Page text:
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Comparing Three Worldviews: Are They Rational?

This article will look at what a worldview is. Some questions that a worldview will typically try to answer. And will look at some specific worldviews to see how rational they are.

Estimated reading time: 15 minutes

Defining a Rational Worldview?

Some Definitions

First some definitions –
      1. Consistent with or based on reason; logical: rational behavior.
      1. The overall perspective from which one sees and interprets the world.
      2. A collection of beliefs about life and the universe held by an individual or a group.

A worldview, by definition, is how one sees and interprets the world around them; the glasses they view the world through.  It seems to me that everyone has a worldview of one form or another whether it contains religious elements or is entirely secular.  They may not be able to clearly define what that worldview is, but it does impact the way they view the world and events around them.

There seems to be no requirement that a worldview is rational or logical.  In fact, the worldviews of many people are not well thought out. Instead, they are just a collection of inconsistent beliefs that are oftentimes at odds with each other.  A rational worldview, on the other hand, would be one that is internally consistent and that offers a valid explanation for why the world is the way it is and offers to its holders a consistent way of interacting with it.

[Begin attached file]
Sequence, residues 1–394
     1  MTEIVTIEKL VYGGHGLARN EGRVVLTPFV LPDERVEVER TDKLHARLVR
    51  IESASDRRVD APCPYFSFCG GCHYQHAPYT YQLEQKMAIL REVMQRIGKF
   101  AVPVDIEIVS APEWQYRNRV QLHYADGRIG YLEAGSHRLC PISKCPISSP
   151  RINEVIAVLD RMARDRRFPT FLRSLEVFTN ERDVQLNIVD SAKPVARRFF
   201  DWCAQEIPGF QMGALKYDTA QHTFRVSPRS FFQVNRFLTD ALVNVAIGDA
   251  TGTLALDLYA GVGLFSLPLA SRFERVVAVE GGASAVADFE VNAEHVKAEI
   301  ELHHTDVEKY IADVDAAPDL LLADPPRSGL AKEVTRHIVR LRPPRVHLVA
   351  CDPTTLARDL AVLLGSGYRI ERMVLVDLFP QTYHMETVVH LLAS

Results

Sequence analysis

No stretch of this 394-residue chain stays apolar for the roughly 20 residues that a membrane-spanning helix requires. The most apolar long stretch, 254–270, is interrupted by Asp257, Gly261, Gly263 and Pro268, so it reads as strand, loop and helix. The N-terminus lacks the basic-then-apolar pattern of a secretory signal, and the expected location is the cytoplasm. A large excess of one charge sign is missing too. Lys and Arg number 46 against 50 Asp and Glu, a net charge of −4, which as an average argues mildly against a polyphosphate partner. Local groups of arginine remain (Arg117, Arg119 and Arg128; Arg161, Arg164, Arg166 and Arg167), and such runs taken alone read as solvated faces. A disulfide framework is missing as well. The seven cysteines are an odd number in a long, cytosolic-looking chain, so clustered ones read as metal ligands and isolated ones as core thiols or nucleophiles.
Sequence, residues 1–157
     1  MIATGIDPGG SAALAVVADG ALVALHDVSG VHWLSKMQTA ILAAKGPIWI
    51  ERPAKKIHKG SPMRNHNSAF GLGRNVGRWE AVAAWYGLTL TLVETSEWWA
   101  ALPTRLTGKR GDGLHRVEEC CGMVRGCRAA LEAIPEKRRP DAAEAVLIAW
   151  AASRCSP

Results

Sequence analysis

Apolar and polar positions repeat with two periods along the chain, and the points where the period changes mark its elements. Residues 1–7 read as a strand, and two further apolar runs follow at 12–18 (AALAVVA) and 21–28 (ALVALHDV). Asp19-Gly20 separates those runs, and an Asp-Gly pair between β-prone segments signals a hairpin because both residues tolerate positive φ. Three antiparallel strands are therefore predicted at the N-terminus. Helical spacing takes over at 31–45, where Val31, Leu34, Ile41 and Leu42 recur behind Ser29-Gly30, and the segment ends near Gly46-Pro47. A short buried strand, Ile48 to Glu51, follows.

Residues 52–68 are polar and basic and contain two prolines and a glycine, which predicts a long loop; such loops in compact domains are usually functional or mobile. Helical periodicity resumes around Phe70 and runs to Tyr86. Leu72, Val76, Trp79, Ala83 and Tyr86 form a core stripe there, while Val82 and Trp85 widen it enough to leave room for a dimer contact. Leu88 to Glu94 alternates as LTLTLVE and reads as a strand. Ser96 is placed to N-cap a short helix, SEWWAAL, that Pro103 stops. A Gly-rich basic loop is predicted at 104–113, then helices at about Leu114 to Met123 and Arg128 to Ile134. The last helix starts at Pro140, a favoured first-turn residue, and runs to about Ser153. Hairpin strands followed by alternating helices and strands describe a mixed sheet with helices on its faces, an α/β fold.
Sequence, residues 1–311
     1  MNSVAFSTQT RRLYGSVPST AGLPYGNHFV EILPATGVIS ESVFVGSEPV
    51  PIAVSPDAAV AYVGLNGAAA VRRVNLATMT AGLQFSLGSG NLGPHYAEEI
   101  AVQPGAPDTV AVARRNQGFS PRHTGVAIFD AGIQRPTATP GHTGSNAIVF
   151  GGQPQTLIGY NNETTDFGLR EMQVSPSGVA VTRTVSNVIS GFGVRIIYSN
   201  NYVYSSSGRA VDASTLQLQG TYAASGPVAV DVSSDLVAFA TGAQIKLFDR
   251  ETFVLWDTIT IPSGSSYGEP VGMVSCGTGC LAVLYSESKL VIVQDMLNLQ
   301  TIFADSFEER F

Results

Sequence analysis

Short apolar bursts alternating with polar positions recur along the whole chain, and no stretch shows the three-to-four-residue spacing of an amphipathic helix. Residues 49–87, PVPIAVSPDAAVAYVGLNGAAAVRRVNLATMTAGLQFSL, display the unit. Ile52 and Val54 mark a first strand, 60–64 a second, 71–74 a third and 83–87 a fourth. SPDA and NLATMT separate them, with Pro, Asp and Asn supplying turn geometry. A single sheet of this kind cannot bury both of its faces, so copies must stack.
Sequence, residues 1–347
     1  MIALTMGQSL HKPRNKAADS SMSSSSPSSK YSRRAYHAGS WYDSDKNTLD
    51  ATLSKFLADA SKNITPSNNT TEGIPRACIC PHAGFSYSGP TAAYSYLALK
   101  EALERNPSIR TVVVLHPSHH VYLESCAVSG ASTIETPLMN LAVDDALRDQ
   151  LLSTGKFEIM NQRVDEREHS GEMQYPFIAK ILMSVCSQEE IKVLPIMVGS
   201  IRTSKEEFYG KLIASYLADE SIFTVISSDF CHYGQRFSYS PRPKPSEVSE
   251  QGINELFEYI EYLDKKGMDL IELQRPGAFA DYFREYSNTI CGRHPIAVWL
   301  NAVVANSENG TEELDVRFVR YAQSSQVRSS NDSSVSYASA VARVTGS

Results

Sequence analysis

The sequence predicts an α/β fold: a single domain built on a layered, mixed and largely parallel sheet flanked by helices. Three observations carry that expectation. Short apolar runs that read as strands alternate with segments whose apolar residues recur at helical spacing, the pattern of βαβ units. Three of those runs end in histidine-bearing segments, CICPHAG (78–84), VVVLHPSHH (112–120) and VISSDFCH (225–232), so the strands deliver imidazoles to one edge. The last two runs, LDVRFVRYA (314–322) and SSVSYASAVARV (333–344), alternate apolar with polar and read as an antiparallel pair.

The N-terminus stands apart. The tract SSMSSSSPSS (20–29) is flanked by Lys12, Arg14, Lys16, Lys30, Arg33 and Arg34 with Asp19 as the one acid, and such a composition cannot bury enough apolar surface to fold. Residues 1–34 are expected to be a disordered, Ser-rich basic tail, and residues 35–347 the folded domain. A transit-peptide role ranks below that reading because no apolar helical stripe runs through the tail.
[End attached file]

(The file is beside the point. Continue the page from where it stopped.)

There also does not seem to be any requirement that a rational worldview is true.  So long as the worldview is internally consistent and offers an explanation for what a person experiences it can be called rational.

Defining Questions

One of the ways to formalize a worldview is to respond to a series of ‘big’ questions.  Your response to these questions reveals the framework through which you view the world.

There are many different sets of questions that are used to define a worldview. The following is one that I found somewhere in the past and have been using, although I no longer know where it came from.

  1. Is anyone or anything in control of this world? If so, who?
  2. How can I know what’s really true? Is there such a thing as absolute truth?
  3. How did this world, and the whole universe, come to exist?
  4. How and why did humanity come to be? What is my place within humanity and the world?
  5. What’s gone wrong with the world? Where does evil come from?
  6. Can anything be done to fix the problems of this world?
  7. How can I find peace and happiness?
  8. What is my place in the world? Where do I belong?